Infectious Madness: The Surprising Science of How We "Catch" Mental Illness


Tropical Madness: Infection and Neglect in the Developing World

The idea that some lives matter less is the root of all that’s wrong with the world.


Acanit sat silent and unmoving on the bare and dented metal chair. It contrasted with her well-tailored knit suit, which Dr. Nabwire could not help thinking must be uncomfortably hot in the stifling air of the clinic’s treatment room. Acanit’s husband, Felix, had been gently bouncing their eight-month-old daughter, Dindi, on his lap, but he now stopped to complain, “My wife has been like this off and on for weeks. Now, she hardly speaks a word to me or our daughter. I don’t know what she’s thinking; she never acted this way before. Mentally, she has always been very strong; she is an exceptionally intelligent woman, but I don’t know her anymore. What’s wrong?” he demanded. As his voice rose in pitch and volume, he stared intently at Nabwire, as if he could divine the psychiatrist’s thoughts.1

Acanit was an exceptionally intelligent and well-educated woman, a banker. She had been born and raised in Kampala, Uganda, then immigrated to Edinburgh. In her twenties, she went to London for graduate school. She met and married her husband there, and they’d returned to Uganda in the mid-1990s because he was active in national politics.

She’d adapted well to the quieter life in this small town until two months ago, when she became convinced that a knife-wielding man was following her. She began complaining that people entered their home in her absence and stole objects as varied as her financial documents, the baby carriage, and family photographs she displayed on the walls. She even distrusted the people in her church congregation and her mother-in-law; she said they were plotting to harm her. She refused all visitors, even her family.

She heard things. She woke her husband late at night to listen to the unbearably loud clicks that she insisted were meant to keep her from sleeping. She also saw things and people who were not there, and about a month before the visit to Dr. Nabwire, she started hearing the voice of God telling her that she was “anointed with holy blood.” Around the same time, she began regarding her husband with suspicion. She said that she now recognized him as a servant of the devil, and she harassed him with prayers and loud warnings that their family could never be safe and complete if he did not repent.

The previous night he had come home to find her standing over their wailing daughter, shrieking Bible verses and looking at the child in a way that terrified him. Acanit insisted that she would never harm Dindi, but Felix decided to take an indefinite leave of absence from work so he could watch the child at all times, and he brought Acanit to his old friend Lutalo Nabwire, the psychiatrist at the HIV clinic.

Acanit was HIV positive, having contracted the virus in London from a former romantic partner. Felix was not positive and neither, fortunately, was Dindi; thanks to Acanit’s HAART regimen of the drugs Combivir, nevirapine, and abacavir, Dindi was born HIV negative, and Acanit did not suffer from opportunistic infections or other troublesome symptoms. Felix loved Acanit completely, but were he scrupulously honest with himself, he would have had to admit that he’d brought her to this modest HIV clinic rather than a large city hospital because he’d rather have her treated where he could rely upon Nabwire’s discretion; in Kampala, there was always the danger of a scandal to be politically exploited. Now he’d begun to regret this. Her symptoms surely had nothing to do with HIV, and she had no history of psychiatric problems or any other medical problems. Nabwire was an excellent doctor, Felix thought, but he should get Acanit to a hospital with more resources.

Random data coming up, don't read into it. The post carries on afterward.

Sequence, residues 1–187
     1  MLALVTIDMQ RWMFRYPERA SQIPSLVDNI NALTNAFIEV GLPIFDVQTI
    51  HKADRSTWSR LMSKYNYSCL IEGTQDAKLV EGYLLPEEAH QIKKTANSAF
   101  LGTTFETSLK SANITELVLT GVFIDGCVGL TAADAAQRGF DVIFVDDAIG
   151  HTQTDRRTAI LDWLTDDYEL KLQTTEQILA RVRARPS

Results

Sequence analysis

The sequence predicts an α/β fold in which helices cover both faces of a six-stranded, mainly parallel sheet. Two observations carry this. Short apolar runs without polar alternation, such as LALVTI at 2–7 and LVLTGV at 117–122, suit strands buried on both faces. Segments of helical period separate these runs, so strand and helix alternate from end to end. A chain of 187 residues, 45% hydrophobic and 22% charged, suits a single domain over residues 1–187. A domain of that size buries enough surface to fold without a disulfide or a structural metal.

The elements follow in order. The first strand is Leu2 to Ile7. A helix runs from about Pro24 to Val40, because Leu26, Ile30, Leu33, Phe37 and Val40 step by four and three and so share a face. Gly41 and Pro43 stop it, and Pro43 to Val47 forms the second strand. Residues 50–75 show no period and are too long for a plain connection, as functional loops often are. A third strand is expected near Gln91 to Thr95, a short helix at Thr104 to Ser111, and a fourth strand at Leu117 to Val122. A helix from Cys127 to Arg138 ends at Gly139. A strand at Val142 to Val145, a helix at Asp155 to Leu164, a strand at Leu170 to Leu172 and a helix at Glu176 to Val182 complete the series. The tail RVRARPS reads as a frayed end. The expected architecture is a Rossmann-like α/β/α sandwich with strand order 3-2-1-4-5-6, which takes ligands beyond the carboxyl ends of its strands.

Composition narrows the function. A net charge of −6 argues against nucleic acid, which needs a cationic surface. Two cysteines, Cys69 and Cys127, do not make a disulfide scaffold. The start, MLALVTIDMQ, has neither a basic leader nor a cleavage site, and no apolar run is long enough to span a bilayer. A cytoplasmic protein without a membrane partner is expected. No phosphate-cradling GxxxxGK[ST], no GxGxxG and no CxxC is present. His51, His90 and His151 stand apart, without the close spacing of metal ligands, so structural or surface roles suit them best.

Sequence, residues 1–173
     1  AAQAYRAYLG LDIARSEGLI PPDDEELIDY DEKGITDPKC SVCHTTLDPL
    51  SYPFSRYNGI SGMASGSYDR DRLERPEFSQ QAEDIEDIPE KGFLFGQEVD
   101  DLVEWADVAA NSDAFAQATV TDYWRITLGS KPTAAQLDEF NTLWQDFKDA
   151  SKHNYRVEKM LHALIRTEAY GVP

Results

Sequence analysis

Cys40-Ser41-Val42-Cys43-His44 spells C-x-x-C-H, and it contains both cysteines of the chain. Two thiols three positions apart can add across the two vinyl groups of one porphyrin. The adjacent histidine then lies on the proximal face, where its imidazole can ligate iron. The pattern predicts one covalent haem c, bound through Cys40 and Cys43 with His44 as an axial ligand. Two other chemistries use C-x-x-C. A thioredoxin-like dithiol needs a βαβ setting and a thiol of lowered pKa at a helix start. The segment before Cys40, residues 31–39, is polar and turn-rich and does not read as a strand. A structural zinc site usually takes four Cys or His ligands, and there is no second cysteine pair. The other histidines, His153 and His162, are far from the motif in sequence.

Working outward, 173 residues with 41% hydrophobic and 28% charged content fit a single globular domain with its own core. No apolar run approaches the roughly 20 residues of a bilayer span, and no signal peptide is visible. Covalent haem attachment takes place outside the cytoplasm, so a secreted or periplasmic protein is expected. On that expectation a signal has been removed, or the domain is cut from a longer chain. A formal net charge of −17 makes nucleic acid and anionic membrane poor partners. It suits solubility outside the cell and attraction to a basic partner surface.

Nabwire began to assess her mental state, and at first Acanit was calm and fully oriented. She was aware of who she was, where she was, and what day it was, and she insisted several times, “But I feel well.”

After a few minutes of this, she seemed to yield to fear and anxiety and complained that she heard the clicking again. Soon, she began shaking and shouted, “God has anointed me with blood but the devil is interfering with me.” She burst into laughter for a minute, and then fell into a stony silence.

Nabwire took Acanit’s hand. “Why won’t you speak?” he pleaded. “I am trying to help you.”

Then he sat back, deep in thought. He believed he understood what was wrong; he had seen this before. As he weighed the words he would use to explain it to Felix, Acanit suddenly seized Dindi and began to shake her while shrieking about God and absolution of sin. It took both the doctor and her husband to rescue the terrified infant from her mother’s grip.

The nurse injected Acanit with a sedative while Nabwire explained, “Your wife is having a bad reaction to the medicine she is taking for her HIV, but don’t worry. It is completely reversible. We will keep her here for a while to treat her and find safer medicines for her. Afterwards she will be fine.”

“Do you promise?” Felix asked.

“Don’t worry; she should be as good as new with a change of medicine,” Nabwire assured him.